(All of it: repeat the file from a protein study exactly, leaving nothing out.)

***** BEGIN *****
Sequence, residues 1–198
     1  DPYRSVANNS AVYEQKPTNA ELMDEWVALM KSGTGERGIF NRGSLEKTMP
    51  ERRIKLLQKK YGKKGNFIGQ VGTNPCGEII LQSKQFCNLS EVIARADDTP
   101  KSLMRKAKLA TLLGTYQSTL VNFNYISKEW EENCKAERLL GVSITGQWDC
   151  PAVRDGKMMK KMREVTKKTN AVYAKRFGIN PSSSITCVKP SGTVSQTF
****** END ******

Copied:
Sequence, residues 1–198
     1  DPYRSVANNS AVYEQKPTNA ELMDEWVALM KSGTGERGIF NRGSLEKTMP
    51  ERRIKLLQKK YGKKGNFIGQ VGTNPCGEII LQSKQFCNLS EVIARADDTP
   101  KSLMRKAKLA TLLGTYQSTL VNFNYISKEW EENCKAERLL GVSITGQWDC
   151  PAVRDGKMMK KMREVTKKTN AVYAKRFGIN PSSSITCVKP SGTVSQTF